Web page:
Your Connection To Jazz, Blues and NPR News
Play Live Radio
Next Up:
Available On Air Stations

Census: Washington’s Latino population jumps 71%

U.S. Census Bureau
Washington population change by county. The two counties in yellow, Pacific and Garfleld, lost population.

Washington's Latino population grew 71% in the last decade. That's according to newly released 2010 Census Data. The dramatic rise has implications for how Washington redraws its Congressional districts.

Since 2000, Washington's Hispanic population has grown to a total of 755,000. That's more than 11% of the state's residents, by far the largest minority group.

Growth's Political Impact

Washington's redistricting commission will have to take this into account as it draws maps to incorporate a new, 10th Congressional seat. Lura Powell chairs that commission:

"There are election laws and looking at minority populations and making sure that they are able to elect representatives to represent them appropriately is a very important thing to do."

Those election laws include the federal Voting Rights Act. But State Representative Phyllis Gutierrez Kenney, a Democrat, is worried. She notes Washington's bipartisan redistricting commission has no minorities on it:

"So we're going to be watching the redistricting very closely."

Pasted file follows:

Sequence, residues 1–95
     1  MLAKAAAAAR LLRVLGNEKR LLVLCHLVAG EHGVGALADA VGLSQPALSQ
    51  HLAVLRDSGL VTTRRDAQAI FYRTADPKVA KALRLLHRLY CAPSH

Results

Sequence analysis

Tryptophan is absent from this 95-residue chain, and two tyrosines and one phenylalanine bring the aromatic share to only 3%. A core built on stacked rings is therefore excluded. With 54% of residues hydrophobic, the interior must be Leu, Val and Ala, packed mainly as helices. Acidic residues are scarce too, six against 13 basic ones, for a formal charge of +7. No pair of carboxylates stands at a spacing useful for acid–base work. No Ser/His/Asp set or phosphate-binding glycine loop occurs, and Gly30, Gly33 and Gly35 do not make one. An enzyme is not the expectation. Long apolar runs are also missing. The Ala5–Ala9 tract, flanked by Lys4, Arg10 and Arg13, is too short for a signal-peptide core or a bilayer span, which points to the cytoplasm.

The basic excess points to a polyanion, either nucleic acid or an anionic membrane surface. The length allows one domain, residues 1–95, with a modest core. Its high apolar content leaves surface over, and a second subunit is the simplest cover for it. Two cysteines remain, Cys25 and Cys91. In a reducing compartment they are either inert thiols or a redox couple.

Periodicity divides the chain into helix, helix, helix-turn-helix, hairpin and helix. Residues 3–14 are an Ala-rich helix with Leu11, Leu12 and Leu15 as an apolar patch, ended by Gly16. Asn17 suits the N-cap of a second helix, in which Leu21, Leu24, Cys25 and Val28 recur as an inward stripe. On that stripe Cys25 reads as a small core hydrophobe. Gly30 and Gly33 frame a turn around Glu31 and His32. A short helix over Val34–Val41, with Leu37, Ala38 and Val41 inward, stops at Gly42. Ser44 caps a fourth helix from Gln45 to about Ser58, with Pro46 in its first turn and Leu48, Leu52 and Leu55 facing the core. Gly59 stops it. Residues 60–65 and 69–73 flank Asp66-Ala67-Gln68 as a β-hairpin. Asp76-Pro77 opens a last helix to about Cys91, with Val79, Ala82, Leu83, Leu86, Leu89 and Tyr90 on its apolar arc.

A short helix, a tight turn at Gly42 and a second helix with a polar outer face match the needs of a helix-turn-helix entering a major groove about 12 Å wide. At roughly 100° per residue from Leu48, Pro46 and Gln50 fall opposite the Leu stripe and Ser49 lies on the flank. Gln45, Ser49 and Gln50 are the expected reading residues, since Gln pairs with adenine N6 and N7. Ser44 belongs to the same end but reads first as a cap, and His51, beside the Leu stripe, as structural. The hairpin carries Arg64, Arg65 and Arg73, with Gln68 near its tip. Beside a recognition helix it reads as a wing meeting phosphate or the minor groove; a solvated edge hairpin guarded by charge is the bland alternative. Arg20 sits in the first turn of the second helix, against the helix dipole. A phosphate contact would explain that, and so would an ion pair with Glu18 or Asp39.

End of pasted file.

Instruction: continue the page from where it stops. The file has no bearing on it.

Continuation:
Kenney is concerned Washington's Latino vote could be diluted because the population is spread out across the state – rather than concentrated in one place:

"Well the fear is if you don't watch then we would probably lose some potential possible seats that we could win whether it's by a Latino or whether it's someone that we feel that knows our issues and will work with us."

But in statewide elections, this growth in the Hispanic population is not a political game changer, says former Republican Party Chair Chris Vance:

"In the next several elections, still, swing voters in Washington state are affluent white suburban voters, not minorities."

Still, Hispanic leaders say the 2008 presidential election energized their community and it remains more politically engaged than ever.

Related Content